Scales of Measurement
Measurement scales are used to categorize and/or quantify variables. This lesson describes the four scales of measurement that are commonly used in statistical analysis: nominal, ordinal, interval, and ratio scales.
Properties of Measurement Scales
Each scale of measurement satisfies one or more of the following properties of measurement.
- Identity. Each value on the measurement scale has a unique meaning.
- Magnitude. Values on the measurement scale have an ordered relationship to one another. That is, some values are larger and some are smaller.
- Equal intervals. Scale units along the scale are equal to one another. This means, for example, that the difference between 1 and 2 would be equal to the difference between 19 and 20.
- A minimum value of zero. The scale has a true zero point, below which no values exist.
Nominal Scale of Measurement
The nominal scale of measurement only satisfies the identity property of measurement. Values assigned to variables represent a descriptive category, but have no inherent numerical value with respect to magnitude.
Gender is an example of a variable that is measured on a nominal scale. Individuals may be classified as "male" or "female", but neither value represents more or less "gender" than the other. Religion and political affiliation are other examples of variables that are normally measured on a nominal scale.
Ordinal Scale of Measurement
The ordinal scale has the property of both identity and magnitude. Each value on the ordinal scale has a unique meaning, and it has an ordered relationship to every other value on the scale.
An example of an ordinal scale in action would be the results of a horse race, reported as "win", "place", and "show". We know the rank order in which horses finished the race. The horse that won finished ahead of the horse that placed, and the horse that placed finished ahead of the horse that showed. However, we cannot tell from this ordinal scale whether it was a close race or whether the winning horse won by a mile.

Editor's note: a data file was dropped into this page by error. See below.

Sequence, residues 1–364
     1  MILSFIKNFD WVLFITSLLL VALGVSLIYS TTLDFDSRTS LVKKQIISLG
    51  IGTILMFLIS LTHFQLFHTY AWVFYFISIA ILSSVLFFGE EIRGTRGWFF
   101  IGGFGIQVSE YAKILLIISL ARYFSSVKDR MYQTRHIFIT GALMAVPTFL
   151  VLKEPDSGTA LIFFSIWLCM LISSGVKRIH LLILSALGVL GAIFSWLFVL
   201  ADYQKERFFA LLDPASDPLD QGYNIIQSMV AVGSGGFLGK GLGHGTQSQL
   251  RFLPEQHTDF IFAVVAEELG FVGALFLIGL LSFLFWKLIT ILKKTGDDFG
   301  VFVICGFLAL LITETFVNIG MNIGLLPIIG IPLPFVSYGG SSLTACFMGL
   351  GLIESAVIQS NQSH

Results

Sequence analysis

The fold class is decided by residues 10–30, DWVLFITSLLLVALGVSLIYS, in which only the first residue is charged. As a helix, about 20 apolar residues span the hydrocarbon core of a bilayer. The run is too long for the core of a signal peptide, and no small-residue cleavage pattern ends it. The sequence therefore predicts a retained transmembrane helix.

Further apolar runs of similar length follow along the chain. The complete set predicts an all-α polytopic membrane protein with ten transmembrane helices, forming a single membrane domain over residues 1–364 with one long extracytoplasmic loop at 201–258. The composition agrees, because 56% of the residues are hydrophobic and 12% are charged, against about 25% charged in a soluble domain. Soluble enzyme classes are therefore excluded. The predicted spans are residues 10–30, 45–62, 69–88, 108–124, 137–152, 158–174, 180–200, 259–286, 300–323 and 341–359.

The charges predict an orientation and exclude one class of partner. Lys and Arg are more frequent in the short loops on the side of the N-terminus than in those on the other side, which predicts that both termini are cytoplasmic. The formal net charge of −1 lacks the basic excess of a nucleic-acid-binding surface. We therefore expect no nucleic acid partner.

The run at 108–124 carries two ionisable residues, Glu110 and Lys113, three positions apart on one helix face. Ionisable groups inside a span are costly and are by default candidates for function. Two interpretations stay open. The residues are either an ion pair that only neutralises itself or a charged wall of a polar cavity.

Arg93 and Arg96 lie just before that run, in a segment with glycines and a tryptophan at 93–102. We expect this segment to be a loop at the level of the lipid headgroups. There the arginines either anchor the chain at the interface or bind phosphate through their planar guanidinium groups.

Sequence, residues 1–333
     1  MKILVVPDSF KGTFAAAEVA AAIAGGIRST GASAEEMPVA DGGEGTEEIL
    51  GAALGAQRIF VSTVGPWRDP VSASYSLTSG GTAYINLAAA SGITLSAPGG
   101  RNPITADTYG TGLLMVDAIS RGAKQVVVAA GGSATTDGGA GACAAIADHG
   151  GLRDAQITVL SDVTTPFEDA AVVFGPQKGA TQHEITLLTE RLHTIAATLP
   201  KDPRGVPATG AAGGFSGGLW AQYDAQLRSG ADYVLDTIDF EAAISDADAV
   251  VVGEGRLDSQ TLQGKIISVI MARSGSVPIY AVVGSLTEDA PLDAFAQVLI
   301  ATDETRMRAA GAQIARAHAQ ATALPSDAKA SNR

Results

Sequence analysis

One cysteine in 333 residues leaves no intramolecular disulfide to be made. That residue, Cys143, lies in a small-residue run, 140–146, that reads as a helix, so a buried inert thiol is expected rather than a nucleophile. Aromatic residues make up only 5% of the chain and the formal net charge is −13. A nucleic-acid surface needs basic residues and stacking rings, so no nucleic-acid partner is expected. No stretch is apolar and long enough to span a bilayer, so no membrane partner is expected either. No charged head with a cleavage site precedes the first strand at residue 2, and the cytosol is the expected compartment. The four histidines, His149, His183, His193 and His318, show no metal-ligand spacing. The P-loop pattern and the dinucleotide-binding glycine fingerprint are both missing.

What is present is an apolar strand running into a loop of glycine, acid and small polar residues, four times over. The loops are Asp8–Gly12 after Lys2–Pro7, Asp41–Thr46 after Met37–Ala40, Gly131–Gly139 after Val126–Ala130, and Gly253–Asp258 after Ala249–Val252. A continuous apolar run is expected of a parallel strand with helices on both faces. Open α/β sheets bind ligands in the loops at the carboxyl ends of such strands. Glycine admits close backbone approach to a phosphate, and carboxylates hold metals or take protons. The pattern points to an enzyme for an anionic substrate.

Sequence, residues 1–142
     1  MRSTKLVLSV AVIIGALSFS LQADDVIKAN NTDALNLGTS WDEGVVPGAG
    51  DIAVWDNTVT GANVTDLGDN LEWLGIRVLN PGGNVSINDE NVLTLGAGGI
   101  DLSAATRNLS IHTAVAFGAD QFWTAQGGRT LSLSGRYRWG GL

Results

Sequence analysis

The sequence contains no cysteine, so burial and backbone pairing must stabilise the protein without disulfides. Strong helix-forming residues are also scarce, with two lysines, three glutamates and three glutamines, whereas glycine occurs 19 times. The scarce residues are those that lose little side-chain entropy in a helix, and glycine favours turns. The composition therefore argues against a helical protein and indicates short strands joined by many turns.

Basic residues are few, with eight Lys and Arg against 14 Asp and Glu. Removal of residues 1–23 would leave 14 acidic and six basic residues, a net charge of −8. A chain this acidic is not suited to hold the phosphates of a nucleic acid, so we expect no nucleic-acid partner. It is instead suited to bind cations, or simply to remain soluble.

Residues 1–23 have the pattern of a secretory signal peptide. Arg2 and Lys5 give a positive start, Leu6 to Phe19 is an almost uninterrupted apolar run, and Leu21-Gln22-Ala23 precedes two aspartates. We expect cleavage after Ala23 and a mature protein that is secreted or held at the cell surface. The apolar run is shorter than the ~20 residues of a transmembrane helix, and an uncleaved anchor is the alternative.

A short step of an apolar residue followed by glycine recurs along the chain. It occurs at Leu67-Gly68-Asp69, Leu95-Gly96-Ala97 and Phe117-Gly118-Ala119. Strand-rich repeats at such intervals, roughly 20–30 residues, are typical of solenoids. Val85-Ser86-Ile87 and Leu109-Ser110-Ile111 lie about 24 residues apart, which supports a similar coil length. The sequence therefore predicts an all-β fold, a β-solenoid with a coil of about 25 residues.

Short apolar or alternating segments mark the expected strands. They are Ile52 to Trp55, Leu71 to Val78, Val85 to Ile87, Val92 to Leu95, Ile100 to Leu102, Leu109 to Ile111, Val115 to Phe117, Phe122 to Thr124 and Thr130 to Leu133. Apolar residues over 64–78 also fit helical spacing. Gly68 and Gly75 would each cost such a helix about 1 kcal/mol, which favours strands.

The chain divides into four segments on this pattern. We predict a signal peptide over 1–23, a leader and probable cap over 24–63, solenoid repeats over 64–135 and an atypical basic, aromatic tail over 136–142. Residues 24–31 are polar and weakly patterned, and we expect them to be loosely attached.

Interval Scale of Measurement
The interval scale of measurement has the properties of identity, magnitude, and equal intervals.
A perfect example of an interval scale is the Fahrenheit scale to measure temperature. The scale is made up of equal temperature units, so that the difference between 40 and 50 degrees Fahrenheit is equal to the difference between 50 and 60 degrees Fahrenheit.
With an interval scale, you know not only whether different values are bigger or smaller, you also know how much bigger or smaller they are. For example, suppose it is 60 degrees Fahrenheit on Monday and 70 degrees on Tuesday. You know not only that it was hotter on Tuesday, you also know that it was 10 degrees hotter.
Ratio Scale of Measurement
The ratio scale of measurement satisfies all four of the properties of measurement: identity, magnitude, equal intervals, and a minimum value of zero.
The weight of an object would be an example of a ratio scale. Each value on the weight scale has a unique meaning, weights can be rank ordered, units along the weight scale are equal to one another, and the scale has a minimum value of zero.
Weight scales have a minimum value of zero because objects at rest can be weightless, but they cannot have negative weight.
Test Your Understanding
Consider the centigrade scale for measuring temperature. Which of the following measurement properties is satisfied by the centigrade scale?
II. Equal intervals.
III. A minimum value of zero.
(A) I only
(B) II only
(C) III only
(D) I and II
(E) II and III
The correct answer is (D). The centigrade scale has the magnitude property because each value on the scale can be ranked as larger or smaller than any other value. And it has the equal intervals property because the scale is made up of equal units.
However, the centigrade scale does not have a minimum value of zero. Water freezes at zero degrees centigrade, but temperatures get colder than that. In the arctic, temperatures are almost always below zero.